Since the Syrian war began in 2011, over 5 million people have fled Syria to neighboring countries, and millions more are displaced inside their country. It has been called “the biggest humanitarian and refugee crisis of our time” by UNHCR’s High Commissioner, Filippo Grandi. Families suffer from post-traumatic stress disorder, many men and women are prohibited from working, and thousands of children are unable to attend school.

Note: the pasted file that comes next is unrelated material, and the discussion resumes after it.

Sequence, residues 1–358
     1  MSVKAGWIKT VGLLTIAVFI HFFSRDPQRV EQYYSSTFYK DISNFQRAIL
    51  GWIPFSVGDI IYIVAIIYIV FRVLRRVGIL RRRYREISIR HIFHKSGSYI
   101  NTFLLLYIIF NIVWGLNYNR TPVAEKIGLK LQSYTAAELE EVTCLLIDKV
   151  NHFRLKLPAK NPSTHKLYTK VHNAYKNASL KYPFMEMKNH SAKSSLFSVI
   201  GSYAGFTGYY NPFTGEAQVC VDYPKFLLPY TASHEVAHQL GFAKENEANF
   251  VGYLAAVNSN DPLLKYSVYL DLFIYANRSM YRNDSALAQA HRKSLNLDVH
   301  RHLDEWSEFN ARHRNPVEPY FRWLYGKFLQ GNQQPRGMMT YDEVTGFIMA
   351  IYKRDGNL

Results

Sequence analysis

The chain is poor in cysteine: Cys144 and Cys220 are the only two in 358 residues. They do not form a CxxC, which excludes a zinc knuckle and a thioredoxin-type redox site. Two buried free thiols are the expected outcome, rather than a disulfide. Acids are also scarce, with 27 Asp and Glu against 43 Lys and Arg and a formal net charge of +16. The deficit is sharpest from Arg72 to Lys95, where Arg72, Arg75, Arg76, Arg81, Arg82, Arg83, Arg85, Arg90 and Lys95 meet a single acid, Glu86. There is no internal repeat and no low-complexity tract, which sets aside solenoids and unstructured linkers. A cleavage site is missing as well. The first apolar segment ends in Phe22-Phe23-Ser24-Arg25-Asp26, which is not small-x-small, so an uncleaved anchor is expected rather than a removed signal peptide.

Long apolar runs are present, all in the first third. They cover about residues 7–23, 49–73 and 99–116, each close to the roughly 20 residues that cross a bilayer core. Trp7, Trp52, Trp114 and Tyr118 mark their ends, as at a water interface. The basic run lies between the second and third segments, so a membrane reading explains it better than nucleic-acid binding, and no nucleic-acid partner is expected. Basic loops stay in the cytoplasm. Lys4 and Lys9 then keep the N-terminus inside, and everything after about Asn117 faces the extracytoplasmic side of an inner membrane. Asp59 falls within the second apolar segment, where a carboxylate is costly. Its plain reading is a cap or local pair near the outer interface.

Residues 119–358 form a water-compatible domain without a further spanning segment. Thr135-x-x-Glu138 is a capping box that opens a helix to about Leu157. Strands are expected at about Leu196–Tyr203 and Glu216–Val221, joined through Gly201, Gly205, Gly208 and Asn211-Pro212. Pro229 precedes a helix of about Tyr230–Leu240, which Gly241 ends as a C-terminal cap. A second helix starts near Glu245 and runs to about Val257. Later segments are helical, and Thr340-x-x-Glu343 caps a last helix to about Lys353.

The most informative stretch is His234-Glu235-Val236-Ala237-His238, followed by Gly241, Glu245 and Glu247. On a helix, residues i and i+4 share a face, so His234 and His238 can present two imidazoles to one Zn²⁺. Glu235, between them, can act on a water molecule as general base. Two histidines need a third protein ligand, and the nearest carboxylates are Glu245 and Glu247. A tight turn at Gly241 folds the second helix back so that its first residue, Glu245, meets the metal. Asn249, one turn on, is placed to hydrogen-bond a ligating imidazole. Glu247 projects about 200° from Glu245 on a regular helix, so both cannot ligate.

Cedars Network began as a small group of people distressed by the situation in Syria. They saw the destruction caused by the war and heard first-hand stories of men, women, and children who lost their homes, their family members, and the lives they once knew. They sought to address individual and community needs holistically, encouraging healing and wholeness for the body, mind, and soul of those devastated by war and haunted by trauma. They set out to build a network of dynamic teams to empower these Syrian communities to thrive through development projects in the sectors of education, medicine, business, and infrastructure. As Syrian refugee families settle into new communities, they often cannot afford or are denied medical and wellness resources. Extended civil war leaves many physical and emotional wounds that become worse over time without proper attention.